Leonardo DiCaprio criticizes Ottawa over British Columbia salmon farms

Salmon farms have long been a point of contention between environmentalists and fish farmers in British Columbia, but a much larger net is now being cast over the issue.

An Instagram post by Oscar-winning actor and environmentalist Leonardo DiCaprio criticizes the Canadian government.

Its social media post stated that Ottawa is “considering extending licenses for open-net pen salmon farms in British Columbia for up to six months.”

A local First Nations group praises their attention to Canada’s fishing practices.

“We need as many Canadians as possible to understand what’s at stake right now and if someone like Leonardo DiCaprio can help us with that. Of course, that will be very, very welcome,” said Bob “Galagame” Chamberlin, president of the Alliance of First Nations Wild Salmon.

His organization gained thousands of new followers online following DiCaprio’s post.

Salmon farms with open cages have been accused of spreading diseases such as sea lice that can affect wild salmon populations.

The Canadian government is rejecting the Hollywood actor’s claim.

“Our government remains committed to working on a responsible plan to transition open-cage salmon farming in British Columbia coastal waters by 2025,” the Ministry of Fisheries and Oceans told CTV News in a statement.

“We continue to work on a responsible transition plan that protects Pacific salmon while supporting workers and their communities.”

But Chamberlin says the word “transition” is misleading.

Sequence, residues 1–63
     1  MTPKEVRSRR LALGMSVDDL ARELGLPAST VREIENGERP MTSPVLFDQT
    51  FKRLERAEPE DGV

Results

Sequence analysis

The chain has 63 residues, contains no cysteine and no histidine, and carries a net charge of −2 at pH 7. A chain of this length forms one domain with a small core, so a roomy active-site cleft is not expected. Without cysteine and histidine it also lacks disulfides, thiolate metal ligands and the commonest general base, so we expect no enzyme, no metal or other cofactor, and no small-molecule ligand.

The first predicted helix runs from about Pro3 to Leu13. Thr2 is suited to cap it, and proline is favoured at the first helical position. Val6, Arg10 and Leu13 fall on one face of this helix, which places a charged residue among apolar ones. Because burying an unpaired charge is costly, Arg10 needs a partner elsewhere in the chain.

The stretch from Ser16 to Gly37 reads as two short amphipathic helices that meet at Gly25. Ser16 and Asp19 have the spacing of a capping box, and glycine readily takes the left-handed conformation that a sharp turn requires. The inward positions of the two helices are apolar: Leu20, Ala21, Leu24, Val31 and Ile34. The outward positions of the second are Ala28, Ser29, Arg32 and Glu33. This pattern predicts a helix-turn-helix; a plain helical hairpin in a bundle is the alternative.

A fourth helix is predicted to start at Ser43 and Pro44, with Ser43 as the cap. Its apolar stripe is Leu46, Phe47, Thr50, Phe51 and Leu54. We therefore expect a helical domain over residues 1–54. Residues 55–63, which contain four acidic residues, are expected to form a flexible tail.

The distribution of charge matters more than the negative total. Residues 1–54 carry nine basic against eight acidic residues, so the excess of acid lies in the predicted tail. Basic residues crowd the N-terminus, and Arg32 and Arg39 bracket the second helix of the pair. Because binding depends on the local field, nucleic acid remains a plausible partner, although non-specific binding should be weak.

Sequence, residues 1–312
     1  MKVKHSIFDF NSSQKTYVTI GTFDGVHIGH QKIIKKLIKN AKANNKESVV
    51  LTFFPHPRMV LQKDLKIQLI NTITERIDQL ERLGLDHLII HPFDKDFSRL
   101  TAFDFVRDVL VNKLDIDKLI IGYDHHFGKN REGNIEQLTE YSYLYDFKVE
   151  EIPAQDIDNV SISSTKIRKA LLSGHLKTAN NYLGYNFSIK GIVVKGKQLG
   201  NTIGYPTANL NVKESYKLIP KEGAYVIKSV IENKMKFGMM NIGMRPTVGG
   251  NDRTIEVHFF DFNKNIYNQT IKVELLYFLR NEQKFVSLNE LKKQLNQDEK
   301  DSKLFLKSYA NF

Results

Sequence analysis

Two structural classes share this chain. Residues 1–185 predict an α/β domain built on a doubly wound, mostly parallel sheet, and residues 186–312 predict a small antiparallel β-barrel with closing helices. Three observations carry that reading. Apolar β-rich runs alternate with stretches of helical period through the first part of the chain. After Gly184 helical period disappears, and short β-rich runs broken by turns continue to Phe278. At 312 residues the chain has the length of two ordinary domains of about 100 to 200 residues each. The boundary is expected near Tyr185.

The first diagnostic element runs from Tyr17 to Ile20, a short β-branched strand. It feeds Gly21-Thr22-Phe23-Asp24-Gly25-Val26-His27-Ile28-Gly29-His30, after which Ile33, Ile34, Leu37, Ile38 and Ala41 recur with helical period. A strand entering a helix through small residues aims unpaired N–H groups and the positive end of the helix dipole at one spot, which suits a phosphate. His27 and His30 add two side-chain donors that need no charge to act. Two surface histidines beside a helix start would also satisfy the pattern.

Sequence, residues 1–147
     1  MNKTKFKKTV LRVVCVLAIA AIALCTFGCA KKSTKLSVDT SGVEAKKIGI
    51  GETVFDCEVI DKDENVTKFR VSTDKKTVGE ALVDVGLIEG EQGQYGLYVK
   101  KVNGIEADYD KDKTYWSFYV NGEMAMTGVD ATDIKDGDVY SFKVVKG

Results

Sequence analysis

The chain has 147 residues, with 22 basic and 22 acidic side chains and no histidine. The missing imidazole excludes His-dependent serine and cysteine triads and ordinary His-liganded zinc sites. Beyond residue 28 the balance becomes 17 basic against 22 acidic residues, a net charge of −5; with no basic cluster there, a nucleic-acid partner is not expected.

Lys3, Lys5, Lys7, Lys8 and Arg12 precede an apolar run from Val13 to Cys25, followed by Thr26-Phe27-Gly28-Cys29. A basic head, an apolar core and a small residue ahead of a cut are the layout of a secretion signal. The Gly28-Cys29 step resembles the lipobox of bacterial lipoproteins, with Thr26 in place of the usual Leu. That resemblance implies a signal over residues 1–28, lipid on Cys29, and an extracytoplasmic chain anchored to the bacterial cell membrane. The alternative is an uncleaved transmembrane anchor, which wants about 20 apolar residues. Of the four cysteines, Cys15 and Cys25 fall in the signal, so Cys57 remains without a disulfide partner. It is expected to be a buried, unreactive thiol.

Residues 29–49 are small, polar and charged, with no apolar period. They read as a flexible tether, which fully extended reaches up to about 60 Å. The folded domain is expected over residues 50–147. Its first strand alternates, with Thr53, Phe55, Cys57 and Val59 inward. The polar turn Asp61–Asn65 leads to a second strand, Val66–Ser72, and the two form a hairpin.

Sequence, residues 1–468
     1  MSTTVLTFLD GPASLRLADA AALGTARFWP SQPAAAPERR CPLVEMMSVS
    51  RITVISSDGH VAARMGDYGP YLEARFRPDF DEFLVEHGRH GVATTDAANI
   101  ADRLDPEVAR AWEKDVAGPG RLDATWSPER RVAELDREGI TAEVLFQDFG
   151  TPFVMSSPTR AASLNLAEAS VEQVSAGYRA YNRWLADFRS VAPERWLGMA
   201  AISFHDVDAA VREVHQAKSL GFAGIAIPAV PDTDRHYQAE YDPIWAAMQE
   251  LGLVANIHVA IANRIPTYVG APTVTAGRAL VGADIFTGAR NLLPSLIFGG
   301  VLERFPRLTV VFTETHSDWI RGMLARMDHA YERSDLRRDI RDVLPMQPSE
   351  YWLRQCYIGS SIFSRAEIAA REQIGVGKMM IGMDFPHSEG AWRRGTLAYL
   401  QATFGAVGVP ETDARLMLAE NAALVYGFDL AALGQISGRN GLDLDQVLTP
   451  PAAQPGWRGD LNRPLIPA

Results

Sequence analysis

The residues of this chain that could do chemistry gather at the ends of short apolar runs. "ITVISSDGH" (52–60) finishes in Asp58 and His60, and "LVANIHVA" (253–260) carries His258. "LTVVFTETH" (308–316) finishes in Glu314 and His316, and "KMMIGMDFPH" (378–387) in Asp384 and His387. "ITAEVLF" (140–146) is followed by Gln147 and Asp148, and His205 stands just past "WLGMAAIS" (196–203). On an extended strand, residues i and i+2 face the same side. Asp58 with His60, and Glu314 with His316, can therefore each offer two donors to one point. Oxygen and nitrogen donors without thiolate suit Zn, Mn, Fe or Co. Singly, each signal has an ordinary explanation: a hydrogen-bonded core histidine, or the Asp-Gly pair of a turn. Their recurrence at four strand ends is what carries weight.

CTV News obtained a copy of a letter sent to local municipalities that says the federal government is consulting on a license lasting between two and six years.

“If DFO intends to reissue all fish farming licenses for two to six years, it certainly will not improve the consultations that are taking place in transition planning,” Chamberlin said. “It’s going to undermine it.”

A local salmon farming advocate calls DiCaprio’s post “irresponsible.”

“Our companies would love to invite Mr. DiCaprio to come to Canada and see for himself on the ground rather than making unfounded claims about his giant platform,” said Brian Kingzett, executive director of the Columbia Salmon Farmers Association. British.

He says many First Nations groups support keeping open-pen salmon farming.

“Mr. DiCaprio, while I have a lot of respect for what you do… he has never visited a salmon farm, he has never met any of the indigenous communities that we support and employ, who have environmental responsibility for our farms, so it is really disappointing,” he said.

Kingzett says the sector needs licenses extended for a further six years to achieve sustainability.

“We will need a whole ocean of seafood to supply ourselves and the only way to do that is to figure out how to farm responsibly, just like we do on land, so we will continue to innovate.”

Fisheries Minister Diane Lebouthillier says she continues to work with First Nations stakeholders and communities, as well as the BC government, on next steps.

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